The general condition of the patient, cause, location, bleeding and severity of the uterine perforation are the basis of management of uterine perforation. It is important to note that at every step of hysteroscopy like dilatation of cervix, sounding of the uterus, the placement of hysteroscope, or the use of instruments for specimen removal, may lead to defect in the uterine myometrium. In cases where the uterine entry is difficult due to stenosis, nulliparous or menopausal cervix there are chances of formation of false passage during hysteroscopy as depicted in figure 3 but insufficient data is available on false passage creation till date due to underreporting.
In a recent study, the use of misoprostol for pre-procedure ripening of cervix showed decreased incidence of false passage creation but uterine perforation rates were not reduced (3). Immediate surgical intervention is needed in case of perforation by an electrosurgical electrode, heavy bleeding or suspected visceral injury (fig 2). The scheme for diagnosis, management and various risk factors of uterine perforation due to hysteroscopy are listed in figure 4.
For routine hysteroscopic procedures use of antibiotics as a prophylaxis is not recommended. In women with active pelvic infection or herpes infection hysteroscopy is contraindicated5. The incidence of infections like endometritis and urinary tract infections as a postprocedural complication of hysteroscopy is rare which ranges from 0.01% to 1.42% (1, 6).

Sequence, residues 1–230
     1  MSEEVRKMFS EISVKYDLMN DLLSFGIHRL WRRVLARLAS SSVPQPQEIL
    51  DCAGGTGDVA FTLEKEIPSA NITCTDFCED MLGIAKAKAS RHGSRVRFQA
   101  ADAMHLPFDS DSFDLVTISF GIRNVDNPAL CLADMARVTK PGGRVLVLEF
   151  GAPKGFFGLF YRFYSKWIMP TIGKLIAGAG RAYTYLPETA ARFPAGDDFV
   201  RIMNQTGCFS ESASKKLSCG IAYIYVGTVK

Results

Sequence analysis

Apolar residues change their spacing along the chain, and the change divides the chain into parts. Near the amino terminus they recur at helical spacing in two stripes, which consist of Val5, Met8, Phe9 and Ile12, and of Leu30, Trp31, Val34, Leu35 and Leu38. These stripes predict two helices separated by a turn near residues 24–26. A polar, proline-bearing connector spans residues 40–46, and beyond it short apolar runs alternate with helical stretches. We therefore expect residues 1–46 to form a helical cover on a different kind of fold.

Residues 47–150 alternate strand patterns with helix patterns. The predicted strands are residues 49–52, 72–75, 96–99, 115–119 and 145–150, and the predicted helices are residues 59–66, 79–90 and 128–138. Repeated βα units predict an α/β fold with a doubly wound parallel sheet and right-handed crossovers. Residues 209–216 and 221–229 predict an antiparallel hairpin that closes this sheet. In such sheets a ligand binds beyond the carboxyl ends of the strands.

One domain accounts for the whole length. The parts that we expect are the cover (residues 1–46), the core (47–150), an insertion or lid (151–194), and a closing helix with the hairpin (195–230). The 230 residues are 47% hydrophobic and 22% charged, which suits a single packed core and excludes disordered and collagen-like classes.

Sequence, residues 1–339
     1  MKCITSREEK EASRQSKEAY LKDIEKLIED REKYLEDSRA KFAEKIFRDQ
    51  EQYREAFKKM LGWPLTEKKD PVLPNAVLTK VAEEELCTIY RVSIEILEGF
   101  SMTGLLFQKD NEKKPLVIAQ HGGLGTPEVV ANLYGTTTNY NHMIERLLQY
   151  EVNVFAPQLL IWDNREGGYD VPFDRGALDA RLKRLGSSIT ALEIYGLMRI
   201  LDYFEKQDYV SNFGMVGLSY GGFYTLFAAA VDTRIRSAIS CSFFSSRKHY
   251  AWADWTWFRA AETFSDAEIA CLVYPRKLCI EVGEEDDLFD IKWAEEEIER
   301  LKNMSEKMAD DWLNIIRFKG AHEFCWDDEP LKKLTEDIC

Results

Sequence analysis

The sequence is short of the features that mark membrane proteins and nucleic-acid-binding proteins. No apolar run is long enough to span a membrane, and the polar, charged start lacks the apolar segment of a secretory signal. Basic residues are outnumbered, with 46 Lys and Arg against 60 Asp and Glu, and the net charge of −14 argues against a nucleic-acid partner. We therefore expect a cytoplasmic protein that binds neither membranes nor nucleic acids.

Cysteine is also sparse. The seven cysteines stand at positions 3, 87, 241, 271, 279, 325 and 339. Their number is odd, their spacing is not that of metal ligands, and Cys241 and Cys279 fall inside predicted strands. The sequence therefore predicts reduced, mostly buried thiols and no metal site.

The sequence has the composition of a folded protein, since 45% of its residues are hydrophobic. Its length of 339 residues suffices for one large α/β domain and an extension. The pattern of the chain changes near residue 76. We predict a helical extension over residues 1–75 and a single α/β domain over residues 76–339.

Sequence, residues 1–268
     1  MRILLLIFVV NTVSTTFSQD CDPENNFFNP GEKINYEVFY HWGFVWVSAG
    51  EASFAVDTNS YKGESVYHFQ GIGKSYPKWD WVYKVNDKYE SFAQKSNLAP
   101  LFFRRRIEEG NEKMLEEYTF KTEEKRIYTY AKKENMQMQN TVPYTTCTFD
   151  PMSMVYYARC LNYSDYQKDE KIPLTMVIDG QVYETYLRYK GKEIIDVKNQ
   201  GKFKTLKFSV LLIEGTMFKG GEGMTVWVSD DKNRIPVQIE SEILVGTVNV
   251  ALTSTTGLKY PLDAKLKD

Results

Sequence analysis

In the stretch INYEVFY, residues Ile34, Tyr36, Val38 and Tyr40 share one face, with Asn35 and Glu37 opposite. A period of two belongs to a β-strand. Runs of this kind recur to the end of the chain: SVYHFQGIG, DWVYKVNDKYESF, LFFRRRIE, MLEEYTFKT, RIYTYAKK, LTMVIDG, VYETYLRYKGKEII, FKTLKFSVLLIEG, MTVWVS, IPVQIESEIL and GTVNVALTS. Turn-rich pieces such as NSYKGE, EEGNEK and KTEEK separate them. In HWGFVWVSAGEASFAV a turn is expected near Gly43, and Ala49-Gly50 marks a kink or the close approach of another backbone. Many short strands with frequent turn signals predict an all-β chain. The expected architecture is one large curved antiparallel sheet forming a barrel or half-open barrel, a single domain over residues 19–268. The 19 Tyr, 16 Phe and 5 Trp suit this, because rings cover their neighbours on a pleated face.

In various studies, in both diagnostic and operative hysteroscopy the antibiotic prophylaxis coverage has not found to decrease the incidence of post procedural infection (7,8,9). In a study conducted on 1,952 cases with operative hysteroscopies, the higher risk of endometritis was found after adhesiolysis as compared to myomectomy or polypectomy (10).
In some rare cases lethal complications such as neurologic complications, pulmonary edema and even death may occur due to excessive distension media absorption.
There is an increased risk of hypotonic hyponatremia and cerebral edema associated with the use of hypotonic, electrolyte-free distension media. With the proper pre-operative assessment of the intrauterine lesions, vigilant prior planning and use of a hysteromat to measure fluid deficit one can minimize these complications associated with fluid overload.
Fluid deficit is observed mostly with operative as compared to diagnostic hysteroscopy affected by intra uterine pressure kept during procedure, duration of the procedure, number and size of the pathologies removed, the number of myometrial sinuses opened, and the depth of myometrial resection.